Thursday, March 15, 2012

First sign of Spring

Pioneer Irrigation Deliveries start April 16

Caldwell--Irrigation water deliveries to approximately 5,800 Pioneer Irrigation District customers should begin about April 16 as the 2012 irrigation season gets underway,
according to Pioneer water superintendent Mark Zirschky.

Pioneer will actually start filling the Phyllis Canal from its diversion on the Boise
River on April 11. However it takes several days for Pioneer’s 38 main
and lateral canals to completely fill. Pioneer employees also have other
duties such as debris removal that cannot be completed until water is actually
flowing in the canals delaying the start of irrigation water deliveries
approximately five days.

Work crews will also closely inspect all Pioneer canals for any sign of rodent or
other issues that might result in leakage or a breach in the canal wall.
Gopher activity is believed to have caused a Phyllis Canal breach in April
2011. That section of the Phyllis Canal was completely repaired in November.

Water users on the Pioneer system should have a relatively normal water supply
for the 2012 irrigation season, Zirschky said. Pioneer has a full supply
of storage water thanks to winter snow melt plus 45,000 acre feet of water in
Boise River reservoirs carried over from 2011. Pioneer uses both natural flow
and storage water during the irrigation season. Irrigation water deliveries
typically end about the middle of October.

Pioneer water users should contact their local ditchrider after April 16 to determine
exactly when irrigation water will be available at individual diversion points,
Zirschky added. Contact information for the individual ditchriders also
will be posted by April 16 on the Pioneer website –
Patrons can also contact the Pioneer business office at 459-3617 after April 16
to get current ditchrider contact information.

“We really encourage all Pioneer customers to sign up for the District’s email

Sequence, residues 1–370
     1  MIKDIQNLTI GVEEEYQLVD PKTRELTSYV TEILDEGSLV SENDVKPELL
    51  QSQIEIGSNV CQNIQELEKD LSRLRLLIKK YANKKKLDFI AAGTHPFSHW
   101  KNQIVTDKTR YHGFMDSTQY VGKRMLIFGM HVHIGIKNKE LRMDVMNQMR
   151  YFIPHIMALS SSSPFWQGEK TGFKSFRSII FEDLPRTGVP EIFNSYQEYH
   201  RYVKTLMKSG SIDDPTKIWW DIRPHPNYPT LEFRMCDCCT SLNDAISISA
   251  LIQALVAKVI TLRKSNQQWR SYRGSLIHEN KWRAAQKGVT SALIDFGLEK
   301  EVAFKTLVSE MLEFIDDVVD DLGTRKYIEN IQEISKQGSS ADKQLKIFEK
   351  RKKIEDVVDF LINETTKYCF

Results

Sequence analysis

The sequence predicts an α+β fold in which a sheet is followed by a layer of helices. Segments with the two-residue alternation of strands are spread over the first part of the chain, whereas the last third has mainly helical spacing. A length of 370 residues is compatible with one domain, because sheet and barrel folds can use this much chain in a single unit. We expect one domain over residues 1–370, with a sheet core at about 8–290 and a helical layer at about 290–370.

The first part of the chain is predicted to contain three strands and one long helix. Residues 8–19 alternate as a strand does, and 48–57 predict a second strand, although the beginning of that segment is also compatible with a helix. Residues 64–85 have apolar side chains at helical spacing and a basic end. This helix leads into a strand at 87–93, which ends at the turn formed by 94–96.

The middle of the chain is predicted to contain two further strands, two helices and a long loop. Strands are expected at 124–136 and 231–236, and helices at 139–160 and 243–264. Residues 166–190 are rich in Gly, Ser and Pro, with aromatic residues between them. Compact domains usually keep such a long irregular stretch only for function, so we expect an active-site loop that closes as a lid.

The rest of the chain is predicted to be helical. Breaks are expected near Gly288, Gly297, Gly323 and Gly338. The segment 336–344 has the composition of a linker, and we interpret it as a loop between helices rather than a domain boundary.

information system called Pioneering Communications. This is the first
time the program will be able to provide water users with email notifications
about system problems or delivery interruptions that can affect the flow of
water to delivery points. This email information system will keep our patrons fully informed about the problem, what we
are doing to cure the problem, and how long they can expect that to take,” said
Dawn Fowler, Pioneer Treasurer.

The email information system, believed to be the first of its kind in the state,
also features regular email newsletters, and a means of asking questions or
providing feedback to the Pioneer managers and the Board of Directors. More
information about the Pioneering Communication program plus instructions how to
join is available on the Pioneer website.

The start of irrigation season also marks the beginning of a heightened canal
safety effort by Pioneer. Young people, even adults, regularly drown
in Idaho irrigation canals. Canals are also situated on private property
which makes it trespassing for people to go near canals.

Pioneer workers will be posting special signs over the next couple months on
the canals, drains and laterals to notify people that the facilities are for
Pioneer Irrigation District and authorized personnel only.

“As the water comes in to the system, our ditchriders and other employees will
begin their traditional few months of intense monitoring of our canal
properties to watch for people who are where they don’t belong. We want
to make sure that no one is putting themselves or their loved ones at the awful
risk of drowning in a canal,” Zirschky said.

Pioneer Irrigation District is a non-profit irrigation district based in Caldwell that
has provided irrigation water to more than 34,000 acres of farm and residential
lands in Canyon County and extreme western Ada County for 109 years.

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